oh so sensitive Wacom’s latest tablet is more a glorified trackpad, complete with gesture support Price £60 Company Wacom Web www.wacom.com Contact 020 7744 0831
This flash new tablet is more of a glorified trackpad, complete with gesture support.
What do you get when you cross a graphics tablet with a trackpad? Probably something like the Bamboo Pad. It attempts to combine the best of both worlds by providing a small tablet area with a pressure-sensitive stylus and support for multi-touch gestures, as used in Mac OS and now also Windows 7 and 8.
It’s available in four different colours, and is entirely wireless, running off standard AAA batteries. The dinky pad connects to your computer via a microscopic wireless connector, which you plug into a USB port. This uses a proprietary system so there’s no faffing around with Bluetooth pairing – just turn on the Pad and it’s ready to go.
If using the Pad on the Mac, you need to download and install a driver – a minor inconvenience that does, however, ensure that all the Pad’s features work with apps that support it. On a Windows PC, the Pad is installed as a standard USB input device. As a result, you can only use its pressure sensitivity in the few native Windows Ink applications available, such as Microsoft Office and Wacom’s basic Bamboo Page app. Photoshop and Painter won’t recognise the Pad’s pressure sensitivity at all in Windows. It’s something of a glaring omission for users of the Microsoft OS and one that Wacom doesn’t make at all clear in its promotional material.
Having said that, Wacom is pitching the Pad as a general-purpose touchpad with basic stylus support for doodling and writing, rather than a fully fledged tablet. Viewed as such, it works perfectly well. You can sketch quite happily, if not overly comfortably, on its small surface, once you get used to the way the square area maps to the rectangle of your screen. Regardless of the software being used, the Pad is also good at differentiating between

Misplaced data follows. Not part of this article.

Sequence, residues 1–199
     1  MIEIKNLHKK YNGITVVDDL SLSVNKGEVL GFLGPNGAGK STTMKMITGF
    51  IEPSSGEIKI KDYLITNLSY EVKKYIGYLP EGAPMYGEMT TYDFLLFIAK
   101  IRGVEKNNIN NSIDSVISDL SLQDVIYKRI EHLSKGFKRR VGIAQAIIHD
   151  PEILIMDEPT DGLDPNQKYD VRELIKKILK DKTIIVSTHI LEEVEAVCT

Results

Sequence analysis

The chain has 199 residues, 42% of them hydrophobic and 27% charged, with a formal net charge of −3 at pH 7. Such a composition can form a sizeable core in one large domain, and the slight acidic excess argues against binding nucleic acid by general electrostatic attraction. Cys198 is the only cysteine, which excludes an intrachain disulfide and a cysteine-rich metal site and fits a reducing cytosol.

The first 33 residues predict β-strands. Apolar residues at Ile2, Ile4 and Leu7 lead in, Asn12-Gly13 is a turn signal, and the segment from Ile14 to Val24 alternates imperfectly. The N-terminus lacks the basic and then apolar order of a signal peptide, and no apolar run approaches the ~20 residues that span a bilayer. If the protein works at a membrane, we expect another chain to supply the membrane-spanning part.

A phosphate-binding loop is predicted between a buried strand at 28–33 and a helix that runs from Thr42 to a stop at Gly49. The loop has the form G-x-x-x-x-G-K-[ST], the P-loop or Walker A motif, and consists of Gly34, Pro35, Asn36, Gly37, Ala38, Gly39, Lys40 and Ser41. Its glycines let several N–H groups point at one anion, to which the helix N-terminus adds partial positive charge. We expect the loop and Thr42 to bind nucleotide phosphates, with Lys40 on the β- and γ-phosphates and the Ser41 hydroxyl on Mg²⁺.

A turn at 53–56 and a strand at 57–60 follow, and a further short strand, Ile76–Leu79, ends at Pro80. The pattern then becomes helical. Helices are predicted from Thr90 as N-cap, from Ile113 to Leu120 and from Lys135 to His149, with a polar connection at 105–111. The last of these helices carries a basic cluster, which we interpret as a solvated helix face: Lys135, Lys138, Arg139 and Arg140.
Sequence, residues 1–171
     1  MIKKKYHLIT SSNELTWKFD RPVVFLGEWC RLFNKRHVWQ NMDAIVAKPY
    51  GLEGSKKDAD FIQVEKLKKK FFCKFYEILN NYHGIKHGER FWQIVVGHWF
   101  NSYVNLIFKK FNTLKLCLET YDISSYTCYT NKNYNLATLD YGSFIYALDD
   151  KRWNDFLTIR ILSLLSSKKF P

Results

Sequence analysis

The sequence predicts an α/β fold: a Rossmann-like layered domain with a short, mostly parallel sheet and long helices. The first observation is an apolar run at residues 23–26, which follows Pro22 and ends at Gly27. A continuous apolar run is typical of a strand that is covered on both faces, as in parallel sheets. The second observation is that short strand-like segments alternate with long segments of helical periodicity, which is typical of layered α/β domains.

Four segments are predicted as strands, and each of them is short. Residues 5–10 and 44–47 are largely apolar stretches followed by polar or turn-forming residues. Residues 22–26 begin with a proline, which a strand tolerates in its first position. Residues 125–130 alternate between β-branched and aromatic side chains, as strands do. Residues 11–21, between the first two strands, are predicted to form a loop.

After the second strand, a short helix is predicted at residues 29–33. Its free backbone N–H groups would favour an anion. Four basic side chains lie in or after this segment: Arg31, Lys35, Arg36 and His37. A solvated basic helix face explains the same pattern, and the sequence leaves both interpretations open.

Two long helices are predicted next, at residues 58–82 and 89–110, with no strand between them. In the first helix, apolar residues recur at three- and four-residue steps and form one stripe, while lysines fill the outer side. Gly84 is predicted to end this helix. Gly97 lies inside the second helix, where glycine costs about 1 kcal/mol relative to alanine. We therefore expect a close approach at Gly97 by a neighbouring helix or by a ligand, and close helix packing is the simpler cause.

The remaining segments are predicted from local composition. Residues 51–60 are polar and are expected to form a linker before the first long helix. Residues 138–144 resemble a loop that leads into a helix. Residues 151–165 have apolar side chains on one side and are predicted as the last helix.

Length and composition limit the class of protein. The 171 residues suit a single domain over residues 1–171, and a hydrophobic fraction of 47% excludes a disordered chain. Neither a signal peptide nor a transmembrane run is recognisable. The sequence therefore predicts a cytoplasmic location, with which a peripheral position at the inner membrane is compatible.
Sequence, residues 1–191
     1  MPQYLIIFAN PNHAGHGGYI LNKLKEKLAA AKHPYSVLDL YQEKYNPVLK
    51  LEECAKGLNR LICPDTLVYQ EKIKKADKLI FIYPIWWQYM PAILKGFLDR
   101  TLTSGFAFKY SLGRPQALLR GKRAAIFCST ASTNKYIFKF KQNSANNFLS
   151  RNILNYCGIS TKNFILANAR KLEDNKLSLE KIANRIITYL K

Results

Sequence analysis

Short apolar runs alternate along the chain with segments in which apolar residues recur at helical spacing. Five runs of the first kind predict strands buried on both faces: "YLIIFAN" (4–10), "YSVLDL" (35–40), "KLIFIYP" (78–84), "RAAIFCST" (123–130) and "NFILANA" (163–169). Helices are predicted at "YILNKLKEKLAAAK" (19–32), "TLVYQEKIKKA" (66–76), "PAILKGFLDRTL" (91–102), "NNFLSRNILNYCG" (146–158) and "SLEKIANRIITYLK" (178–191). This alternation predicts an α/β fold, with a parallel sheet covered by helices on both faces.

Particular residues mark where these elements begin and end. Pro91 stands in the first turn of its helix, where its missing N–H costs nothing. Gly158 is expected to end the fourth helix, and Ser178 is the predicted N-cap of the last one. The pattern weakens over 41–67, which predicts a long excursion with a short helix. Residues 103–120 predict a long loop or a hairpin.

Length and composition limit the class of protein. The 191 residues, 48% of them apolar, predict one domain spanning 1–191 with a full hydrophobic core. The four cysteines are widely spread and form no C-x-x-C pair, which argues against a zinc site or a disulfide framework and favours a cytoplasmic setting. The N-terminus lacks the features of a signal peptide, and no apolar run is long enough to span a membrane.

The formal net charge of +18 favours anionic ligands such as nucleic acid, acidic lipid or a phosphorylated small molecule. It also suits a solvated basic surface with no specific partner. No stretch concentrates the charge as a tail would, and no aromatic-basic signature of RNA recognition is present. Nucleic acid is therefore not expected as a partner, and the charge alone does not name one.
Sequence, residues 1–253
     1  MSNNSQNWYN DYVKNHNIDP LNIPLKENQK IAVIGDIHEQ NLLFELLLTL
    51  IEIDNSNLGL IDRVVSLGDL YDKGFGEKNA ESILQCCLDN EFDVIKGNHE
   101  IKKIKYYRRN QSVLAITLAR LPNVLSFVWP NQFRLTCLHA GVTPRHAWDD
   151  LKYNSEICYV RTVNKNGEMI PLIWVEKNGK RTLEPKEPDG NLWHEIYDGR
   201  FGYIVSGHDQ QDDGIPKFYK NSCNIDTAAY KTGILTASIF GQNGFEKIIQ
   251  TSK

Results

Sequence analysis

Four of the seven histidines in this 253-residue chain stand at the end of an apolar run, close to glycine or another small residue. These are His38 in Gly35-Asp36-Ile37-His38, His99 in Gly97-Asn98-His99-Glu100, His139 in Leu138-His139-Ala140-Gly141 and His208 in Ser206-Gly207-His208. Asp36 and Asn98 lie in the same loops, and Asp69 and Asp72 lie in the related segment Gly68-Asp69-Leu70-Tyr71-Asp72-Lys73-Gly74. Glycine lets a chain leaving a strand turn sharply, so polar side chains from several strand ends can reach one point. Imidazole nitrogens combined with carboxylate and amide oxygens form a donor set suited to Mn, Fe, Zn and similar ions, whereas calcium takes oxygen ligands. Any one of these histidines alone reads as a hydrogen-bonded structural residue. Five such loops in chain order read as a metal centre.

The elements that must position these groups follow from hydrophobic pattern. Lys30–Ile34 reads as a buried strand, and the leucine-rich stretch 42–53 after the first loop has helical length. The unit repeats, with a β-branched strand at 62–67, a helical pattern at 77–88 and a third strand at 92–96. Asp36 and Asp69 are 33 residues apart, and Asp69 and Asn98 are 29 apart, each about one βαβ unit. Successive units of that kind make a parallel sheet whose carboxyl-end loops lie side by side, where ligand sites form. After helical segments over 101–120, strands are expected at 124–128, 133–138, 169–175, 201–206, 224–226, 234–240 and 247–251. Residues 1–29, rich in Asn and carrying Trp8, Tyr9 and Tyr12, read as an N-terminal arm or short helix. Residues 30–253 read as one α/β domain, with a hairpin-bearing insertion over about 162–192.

We found gesture recognition on the Pad to be hit-and-miss, often zooming in or out when we wanted to scroll
pen input and the palm of your hand resting on its surface.
We found gesture recognition on the Pad to be hit-and-miss, though, often zooming in or out when we wanted to scroll. It’s nowhere near as reliable as a Magic Trackpad, but it’s considerably cheaper and offers stylus support.
In short, if you don’t expect miracles from the Pad then you won’t be disappointed. Indeed, it would probably make an ideal secondary tablet, especially for use with a laptop given its portability.
The Bamboo comes in four vibrant colours, all of which provide fine distraction for when the Pad doesn’t work how you want it to.
The Bamboo Pad is like a hybrid between a drawing tablet and a trackpad with gesture support.